There are several different splitting patterns that can occur. We are just focusing on one type called octahedral splitting.
• For example, the Fe2+ ion has the electron configuration [Ar] 4s0 3d6, with one d-orbital holding a pair of electrons and the other four with one electron each. When mixed with water to become [Fe(H2O)6]2+, the dative bonds from the water ligands cause the five d-orbitals to split. Now, three are lower energy than before, and two are higher.
In this state, an electron in a lower-energy d orbital can go from its current orbital to a higher energy d-orbital by absorbing visible light (photons with frequency in the visible region).
This is called a d-d transition and the electron is absorbing colour when it does this. The colour we observe is complementary to the colour absorbed by the electrons.
This is why transition metals produce colour in complexes!

• Different ligands have different strength in their interactions, so they produce different d-orbital splitting and therefore a different $\Delta E$ (energy gap) between the lower and higher d-orbitals. This will correspond to a different wavelength of light to be absorbed and make a d-d transition. In short, changing the ligand will change the observed colour of the complex ion.
See below for a comparison between [Fe(H2O)6]2+ and [Fe(CN)6]4-.

• This is why metals that are not transition metals (partially filled d-orbitals) have colourless salts and solutions.
• If the d-orbitals are completely empty (like in Sc), there are no electrons to make d-d transitions, and the ligands interact with those empty orbitals instead.
• If the d-subshell is completely full (like in Zn), there is no space in an empty or partially filled orbital for a d-d electron transition to happen.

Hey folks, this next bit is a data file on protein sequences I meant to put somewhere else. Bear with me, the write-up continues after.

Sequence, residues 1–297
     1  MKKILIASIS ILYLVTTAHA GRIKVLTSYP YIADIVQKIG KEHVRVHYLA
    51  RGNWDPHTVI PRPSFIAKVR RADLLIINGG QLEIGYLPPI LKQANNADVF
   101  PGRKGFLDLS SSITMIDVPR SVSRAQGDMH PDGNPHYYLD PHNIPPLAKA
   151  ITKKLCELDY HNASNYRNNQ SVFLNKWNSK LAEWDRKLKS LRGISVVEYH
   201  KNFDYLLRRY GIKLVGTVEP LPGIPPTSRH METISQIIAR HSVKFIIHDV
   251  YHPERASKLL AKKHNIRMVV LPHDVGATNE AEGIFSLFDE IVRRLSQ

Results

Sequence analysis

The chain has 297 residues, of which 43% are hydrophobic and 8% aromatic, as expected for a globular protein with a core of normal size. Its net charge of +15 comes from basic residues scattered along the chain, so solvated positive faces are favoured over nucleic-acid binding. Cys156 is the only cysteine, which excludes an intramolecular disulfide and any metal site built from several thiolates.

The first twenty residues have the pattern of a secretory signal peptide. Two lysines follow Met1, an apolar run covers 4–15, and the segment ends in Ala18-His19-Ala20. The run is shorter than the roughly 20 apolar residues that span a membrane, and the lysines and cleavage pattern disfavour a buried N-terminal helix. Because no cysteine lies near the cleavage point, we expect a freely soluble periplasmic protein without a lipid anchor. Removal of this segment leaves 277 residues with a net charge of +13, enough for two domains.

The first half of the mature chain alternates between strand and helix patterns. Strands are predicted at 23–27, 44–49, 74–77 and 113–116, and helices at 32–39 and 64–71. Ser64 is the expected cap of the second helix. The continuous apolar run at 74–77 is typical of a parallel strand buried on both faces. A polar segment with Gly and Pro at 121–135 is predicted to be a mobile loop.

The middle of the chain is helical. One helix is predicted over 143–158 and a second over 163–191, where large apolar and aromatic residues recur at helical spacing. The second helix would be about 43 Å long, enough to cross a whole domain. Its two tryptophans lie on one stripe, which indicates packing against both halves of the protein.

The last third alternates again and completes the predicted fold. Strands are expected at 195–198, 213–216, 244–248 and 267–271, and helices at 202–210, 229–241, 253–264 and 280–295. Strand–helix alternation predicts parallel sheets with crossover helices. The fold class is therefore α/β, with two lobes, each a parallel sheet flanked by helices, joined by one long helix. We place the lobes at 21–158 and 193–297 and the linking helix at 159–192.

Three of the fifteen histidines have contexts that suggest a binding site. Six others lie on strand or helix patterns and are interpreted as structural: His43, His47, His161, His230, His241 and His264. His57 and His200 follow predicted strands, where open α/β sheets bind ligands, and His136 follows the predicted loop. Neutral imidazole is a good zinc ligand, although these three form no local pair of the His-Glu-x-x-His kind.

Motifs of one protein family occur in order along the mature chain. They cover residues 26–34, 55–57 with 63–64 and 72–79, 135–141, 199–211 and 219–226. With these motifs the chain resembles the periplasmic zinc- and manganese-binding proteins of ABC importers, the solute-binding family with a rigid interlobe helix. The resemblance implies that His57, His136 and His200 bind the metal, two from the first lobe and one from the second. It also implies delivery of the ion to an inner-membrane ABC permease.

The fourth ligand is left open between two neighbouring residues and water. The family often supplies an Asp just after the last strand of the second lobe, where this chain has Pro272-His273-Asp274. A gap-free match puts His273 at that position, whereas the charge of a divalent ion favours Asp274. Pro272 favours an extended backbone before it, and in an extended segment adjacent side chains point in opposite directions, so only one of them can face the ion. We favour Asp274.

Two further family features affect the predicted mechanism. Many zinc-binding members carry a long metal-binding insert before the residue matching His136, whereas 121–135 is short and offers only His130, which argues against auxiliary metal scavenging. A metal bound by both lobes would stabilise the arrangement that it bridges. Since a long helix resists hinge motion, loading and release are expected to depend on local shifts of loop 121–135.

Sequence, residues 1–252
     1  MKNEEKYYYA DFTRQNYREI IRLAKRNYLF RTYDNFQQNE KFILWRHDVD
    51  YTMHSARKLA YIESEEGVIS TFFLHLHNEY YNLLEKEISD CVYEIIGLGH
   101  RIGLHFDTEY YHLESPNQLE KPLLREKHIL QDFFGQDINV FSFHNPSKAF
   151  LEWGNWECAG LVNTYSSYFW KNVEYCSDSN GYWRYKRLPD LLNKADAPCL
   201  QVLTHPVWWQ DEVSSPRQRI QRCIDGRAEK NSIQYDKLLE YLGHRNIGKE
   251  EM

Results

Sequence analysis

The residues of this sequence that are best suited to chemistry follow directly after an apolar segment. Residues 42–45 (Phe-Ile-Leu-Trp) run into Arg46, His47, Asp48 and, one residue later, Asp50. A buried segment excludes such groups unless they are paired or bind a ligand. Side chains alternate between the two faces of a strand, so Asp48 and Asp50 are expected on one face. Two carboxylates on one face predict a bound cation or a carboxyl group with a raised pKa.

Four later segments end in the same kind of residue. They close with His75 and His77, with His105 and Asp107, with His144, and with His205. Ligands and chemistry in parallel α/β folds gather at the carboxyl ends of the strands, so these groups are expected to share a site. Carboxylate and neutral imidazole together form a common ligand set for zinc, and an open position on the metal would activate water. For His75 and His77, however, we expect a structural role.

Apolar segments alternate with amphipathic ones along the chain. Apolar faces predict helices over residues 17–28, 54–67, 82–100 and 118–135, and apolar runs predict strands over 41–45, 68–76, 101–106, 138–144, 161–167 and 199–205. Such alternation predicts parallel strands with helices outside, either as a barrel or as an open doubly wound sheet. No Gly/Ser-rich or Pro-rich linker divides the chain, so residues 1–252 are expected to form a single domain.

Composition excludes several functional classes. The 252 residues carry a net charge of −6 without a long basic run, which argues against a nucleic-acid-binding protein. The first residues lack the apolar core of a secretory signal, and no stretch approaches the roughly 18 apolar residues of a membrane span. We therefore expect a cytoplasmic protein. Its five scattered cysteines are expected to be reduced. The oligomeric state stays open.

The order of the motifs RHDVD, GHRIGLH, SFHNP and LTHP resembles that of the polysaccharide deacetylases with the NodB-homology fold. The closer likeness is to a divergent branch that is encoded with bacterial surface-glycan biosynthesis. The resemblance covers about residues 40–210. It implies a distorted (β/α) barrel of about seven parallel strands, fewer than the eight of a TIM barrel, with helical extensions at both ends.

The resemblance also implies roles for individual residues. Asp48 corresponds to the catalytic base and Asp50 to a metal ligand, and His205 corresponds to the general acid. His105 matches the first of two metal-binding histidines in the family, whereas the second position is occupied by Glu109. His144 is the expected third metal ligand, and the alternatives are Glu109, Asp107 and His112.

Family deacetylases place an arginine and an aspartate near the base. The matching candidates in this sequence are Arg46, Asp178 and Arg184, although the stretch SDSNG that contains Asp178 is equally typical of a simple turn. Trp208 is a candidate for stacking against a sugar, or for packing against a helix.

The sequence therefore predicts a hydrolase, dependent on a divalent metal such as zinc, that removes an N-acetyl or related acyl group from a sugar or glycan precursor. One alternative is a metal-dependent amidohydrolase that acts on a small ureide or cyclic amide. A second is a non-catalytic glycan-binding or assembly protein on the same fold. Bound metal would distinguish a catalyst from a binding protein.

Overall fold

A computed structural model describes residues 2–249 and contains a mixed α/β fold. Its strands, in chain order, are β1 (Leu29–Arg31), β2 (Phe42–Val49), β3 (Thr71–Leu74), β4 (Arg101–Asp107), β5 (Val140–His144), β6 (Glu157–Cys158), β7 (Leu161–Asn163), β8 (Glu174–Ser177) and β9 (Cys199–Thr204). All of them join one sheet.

With no d-d transitions, there is no absorbing of some visible light, and no emitting of complementary visible light, so no colour is seen.

• The oxidation number and charge of the metal is also responsible for different coloured complex ions. The differing oxidation number will affect the strength of ligand interactions and lead to a different $\triangle E$.

• The number of ligands around a metal ion can affect the colour produced too. The number of ligands around a metal centre is called the coordination number.
• How many ligands can fit around a metal centre depends on their size chloride ligands for example are larger than water ligands. As a result, a metal centre can normally only accommodate four chloride ligands instead of six water ligands. This then affects the overall geometry of the complex:
• Complex ions with a coordination number of 6 usually have an octahedral geometry. This is the geometry taken with hexaaqua and hexaammine complex ions like [Co(H2O)6]2+.
• Complex ions with a coordination number of 4 usually have a tetrahedral geometry. This is the geometry taken with four chloride ligands, for example [CoCl4]2-.
• Some complex ions, due to the metal ion, can form square planar complexes with a coordination number of four. This is the geometry of cis-platin, a platinum-based anticancer drug.
Importantly, the anticancer properties are only found in the cis-isomer, not the trans isomer where the two NH3 ligands are opposite each other.
See the diagram below:

• Another factor that affects coordination number is denticity this is the number of dative bonds that the ligand makes to the metal centre. Most ligands are monodentate ligands which means only one dative bond is made, but there are many multidentate ligands. See the table below for some common multidentate ligands.

• As well as cis-platin, the haemoglobin molecule (the oxygen-carrying agent in our blood) is a coordination complex. It is an iron (II) based complex with a multidentate ligand that carries oxygen because O2 binds as a ligand to the Fe2+ ion. It is a relatively weak interaction. Thats good; it means the O2 ligand can leave and oxygen can get into our cells!
Unfortunately, ligands binding to haemoglobin is exactly why carbon monoxide (CO) is highly toxic to humans. CO is far stronger than O2 at binding to haemoglobin, so CO molecules will replace O2 ligands on the haemoglobin complex and prevent O2 from being transported in our body.
This type of reaction is called a ligand exchange which well look at next lesson!